Tacoma is a small town, and political seasons pass over us like storms, leaving debris and memories.
If you judged most neighborhoods (and political sentiment) by political signs, youd be forgiven for thinking you had been dropped in the most conserva-tive town in Washington. But are signs really a political barometer?
Romney/Ryan signs are visible by the dozens. But where are the Obama signs?
I was going to estimate there were 10, maybe 20 Romney signs to every Obama sign, but then I realized that I have only seen one (!) Obama sign anywhere in town.
Is Romney really that much more popular here? Or are Obama signs stolen as soon as they are put up? (That was true in my neighborhood four years ago.)
Do Obama supporters just assume that he will win?
I see about an equal number of Romney and Obama car stickers. Does that mean that people are willing to make a public statement in support of Obama, but not in front of their homes? Are we really that afraid of offending or alienating our neighbors?
Washington is not a swing state, and presidential candidates pay little attention to us, and that may be why we pay little attention to them. This is almost certainly a good thing; who needs nasty presidential attack ads?
For better or worse, our negative campaigns are all local. Those who attack and malign, and those who are attacked, are our friends and neighbors people many of us know and work with.
Negative campaigns make us all look bad, and they rarely inspire us to vote for either candidate.
The polls tell us this will be a close election, but not because voters are passionate about their candidates. In fact we have a raging enthusiasm gap.
Unfortunately we dont seem to be having a fear or alarmist gap; almost everyone I talk to tells me how terrified they are with the prospect of those people getting elected.
But when its all over, we expect our political leaders to get to work, and for better or worse, well do it all again in a few years.
Four years ago many of us voted for hope and change. Thats what we wanted and still want. But both political parties seem mired in their stale talking points.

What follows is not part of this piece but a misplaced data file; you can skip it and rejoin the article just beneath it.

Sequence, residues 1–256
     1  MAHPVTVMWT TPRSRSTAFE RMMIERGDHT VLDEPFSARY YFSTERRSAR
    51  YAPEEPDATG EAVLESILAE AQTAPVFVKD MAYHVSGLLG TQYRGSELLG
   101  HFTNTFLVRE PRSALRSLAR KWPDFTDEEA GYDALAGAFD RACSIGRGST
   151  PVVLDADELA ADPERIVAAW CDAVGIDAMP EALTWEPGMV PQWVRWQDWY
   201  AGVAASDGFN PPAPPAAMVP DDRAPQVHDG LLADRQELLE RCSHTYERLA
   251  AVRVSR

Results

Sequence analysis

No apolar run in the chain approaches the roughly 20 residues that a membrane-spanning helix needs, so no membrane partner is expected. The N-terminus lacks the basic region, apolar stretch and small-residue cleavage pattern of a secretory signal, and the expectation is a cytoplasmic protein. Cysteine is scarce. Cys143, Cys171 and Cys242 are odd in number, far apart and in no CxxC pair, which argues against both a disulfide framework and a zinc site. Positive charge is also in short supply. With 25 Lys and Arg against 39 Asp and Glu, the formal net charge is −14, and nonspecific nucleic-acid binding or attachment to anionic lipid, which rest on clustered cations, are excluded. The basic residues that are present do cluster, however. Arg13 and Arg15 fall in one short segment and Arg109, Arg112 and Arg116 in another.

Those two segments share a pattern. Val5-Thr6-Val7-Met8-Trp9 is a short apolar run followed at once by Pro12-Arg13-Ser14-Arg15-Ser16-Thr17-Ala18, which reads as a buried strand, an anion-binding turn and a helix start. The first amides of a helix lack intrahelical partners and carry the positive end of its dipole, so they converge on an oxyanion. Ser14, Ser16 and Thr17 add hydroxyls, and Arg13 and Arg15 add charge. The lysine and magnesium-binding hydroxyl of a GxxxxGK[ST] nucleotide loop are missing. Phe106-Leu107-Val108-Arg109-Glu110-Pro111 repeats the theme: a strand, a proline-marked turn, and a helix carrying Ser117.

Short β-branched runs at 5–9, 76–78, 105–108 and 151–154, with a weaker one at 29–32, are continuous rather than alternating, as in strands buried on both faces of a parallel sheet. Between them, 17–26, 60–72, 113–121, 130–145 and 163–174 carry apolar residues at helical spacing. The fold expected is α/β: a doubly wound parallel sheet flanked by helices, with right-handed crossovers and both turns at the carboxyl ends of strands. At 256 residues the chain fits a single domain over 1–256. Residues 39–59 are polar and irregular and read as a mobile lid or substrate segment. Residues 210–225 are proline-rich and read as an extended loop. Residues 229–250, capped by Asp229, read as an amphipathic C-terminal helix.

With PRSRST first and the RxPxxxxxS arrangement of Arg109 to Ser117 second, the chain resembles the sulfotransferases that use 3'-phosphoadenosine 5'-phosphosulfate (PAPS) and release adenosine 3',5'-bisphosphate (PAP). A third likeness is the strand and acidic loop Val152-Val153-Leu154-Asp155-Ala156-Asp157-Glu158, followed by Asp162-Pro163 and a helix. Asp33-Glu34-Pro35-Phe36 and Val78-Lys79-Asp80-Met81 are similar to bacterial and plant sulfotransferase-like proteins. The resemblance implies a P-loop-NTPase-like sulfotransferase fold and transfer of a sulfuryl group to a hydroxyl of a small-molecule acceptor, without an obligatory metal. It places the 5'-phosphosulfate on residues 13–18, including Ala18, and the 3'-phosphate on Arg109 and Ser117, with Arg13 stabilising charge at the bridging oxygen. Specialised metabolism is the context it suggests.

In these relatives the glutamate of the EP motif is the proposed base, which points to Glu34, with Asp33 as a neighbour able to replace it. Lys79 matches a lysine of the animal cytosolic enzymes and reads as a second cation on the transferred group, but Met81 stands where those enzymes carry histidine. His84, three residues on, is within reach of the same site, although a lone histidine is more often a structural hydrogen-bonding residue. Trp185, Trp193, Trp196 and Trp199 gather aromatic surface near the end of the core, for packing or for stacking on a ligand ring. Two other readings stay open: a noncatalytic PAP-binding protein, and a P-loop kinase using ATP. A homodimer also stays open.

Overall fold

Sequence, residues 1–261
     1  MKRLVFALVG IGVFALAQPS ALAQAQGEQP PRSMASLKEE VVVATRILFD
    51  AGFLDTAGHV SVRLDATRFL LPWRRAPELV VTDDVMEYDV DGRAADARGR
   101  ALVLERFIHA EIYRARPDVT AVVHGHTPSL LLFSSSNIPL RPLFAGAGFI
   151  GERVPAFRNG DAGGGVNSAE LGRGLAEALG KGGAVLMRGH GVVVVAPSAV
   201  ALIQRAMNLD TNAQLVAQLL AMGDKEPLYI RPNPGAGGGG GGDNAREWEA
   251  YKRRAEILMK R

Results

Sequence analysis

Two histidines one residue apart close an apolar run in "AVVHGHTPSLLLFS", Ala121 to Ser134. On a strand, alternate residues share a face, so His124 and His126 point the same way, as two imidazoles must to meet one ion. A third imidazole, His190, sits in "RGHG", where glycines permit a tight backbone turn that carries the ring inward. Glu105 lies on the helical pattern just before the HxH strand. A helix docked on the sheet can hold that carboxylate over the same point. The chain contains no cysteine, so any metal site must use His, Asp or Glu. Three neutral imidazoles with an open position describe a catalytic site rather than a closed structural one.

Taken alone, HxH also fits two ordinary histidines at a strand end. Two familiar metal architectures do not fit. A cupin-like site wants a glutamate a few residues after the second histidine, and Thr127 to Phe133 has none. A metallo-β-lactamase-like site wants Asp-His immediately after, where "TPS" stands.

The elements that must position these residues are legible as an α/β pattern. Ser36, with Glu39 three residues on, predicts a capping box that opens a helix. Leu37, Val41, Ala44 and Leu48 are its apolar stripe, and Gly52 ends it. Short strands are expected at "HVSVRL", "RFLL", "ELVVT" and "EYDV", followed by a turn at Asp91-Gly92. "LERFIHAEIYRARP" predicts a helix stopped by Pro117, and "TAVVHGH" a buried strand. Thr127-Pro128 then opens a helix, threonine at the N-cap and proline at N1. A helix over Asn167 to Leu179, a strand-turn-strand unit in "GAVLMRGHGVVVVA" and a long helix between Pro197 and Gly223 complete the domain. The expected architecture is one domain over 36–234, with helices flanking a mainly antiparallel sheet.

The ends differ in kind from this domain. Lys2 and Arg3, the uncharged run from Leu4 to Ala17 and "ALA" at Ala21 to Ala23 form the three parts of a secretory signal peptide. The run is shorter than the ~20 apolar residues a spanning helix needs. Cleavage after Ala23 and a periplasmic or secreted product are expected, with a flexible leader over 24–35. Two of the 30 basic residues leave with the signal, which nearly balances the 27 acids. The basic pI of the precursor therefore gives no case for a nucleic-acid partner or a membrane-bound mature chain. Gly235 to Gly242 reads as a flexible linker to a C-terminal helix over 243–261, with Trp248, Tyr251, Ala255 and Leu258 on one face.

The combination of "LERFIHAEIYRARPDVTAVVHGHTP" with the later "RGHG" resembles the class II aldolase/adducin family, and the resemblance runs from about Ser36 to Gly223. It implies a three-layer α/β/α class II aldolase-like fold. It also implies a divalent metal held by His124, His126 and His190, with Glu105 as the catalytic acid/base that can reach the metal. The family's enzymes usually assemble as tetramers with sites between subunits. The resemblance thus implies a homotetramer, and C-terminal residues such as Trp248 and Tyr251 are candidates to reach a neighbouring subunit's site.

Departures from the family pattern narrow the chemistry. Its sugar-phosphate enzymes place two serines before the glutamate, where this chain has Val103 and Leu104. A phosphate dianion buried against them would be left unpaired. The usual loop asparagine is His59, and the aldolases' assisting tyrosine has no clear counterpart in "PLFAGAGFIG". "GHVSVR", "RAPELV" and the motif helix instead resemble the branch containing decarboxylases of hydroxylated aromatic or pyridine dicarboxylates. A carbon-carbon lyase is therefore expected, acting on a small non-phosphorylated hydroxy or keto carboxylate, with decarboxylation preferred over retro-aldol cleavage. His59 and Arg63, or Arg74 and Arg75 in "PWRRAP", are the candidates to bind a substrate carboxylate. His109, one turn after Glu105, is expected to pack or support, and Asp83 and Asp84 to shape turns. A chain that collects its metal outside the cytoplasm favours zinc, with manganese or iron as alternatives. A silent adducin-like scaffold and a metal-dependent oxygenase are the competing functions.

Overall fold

I dont have any political yard signs because I dont like slogans or litter even on a stick.
We used to call them yard signs because people had them in their yards, but most signs I see are in public spaces or along roadsides. In a yard, a sign shows our support. But in a public space, especially as the political season progresses, signs are clutter if not a hazard.
Some signs are left out weeks after the election. These soggy, dirty placards are like remnants of a public hangover. The partys over, and no one wants to clean up.
Yard signs are fine, but if you want my vote, respect public spaces, dont make a mess or hazard, and put them away when you are done.
Id like to see something completely different. How about a Batman-style logo across the evening sky?
Instead of seemingly endless mailers or robo calls, how would precinct pizza parties work?
What if political campaigns competed in making the most lasting civic memorial by adopting a street or neighborhood as many local groups do?
What if our neighborhood potholes were fixed by a particular candidate? Id take pothole repair over attack ads any day.
We live in a strange era when corporations are considered people who dominate campaigns, and candidates imagine that we will change our minds based on the most (or most obnoxious) ads.
Fortunately, political signs dont vote, and neither do PACs, intrusive robo calls, insulting television commercials or inflammatory mailings. Only living, breathing citizens vote. For that we should all be thankful.
M. "Morf" Morford of Tacoma is a former News Tribune reader columnist.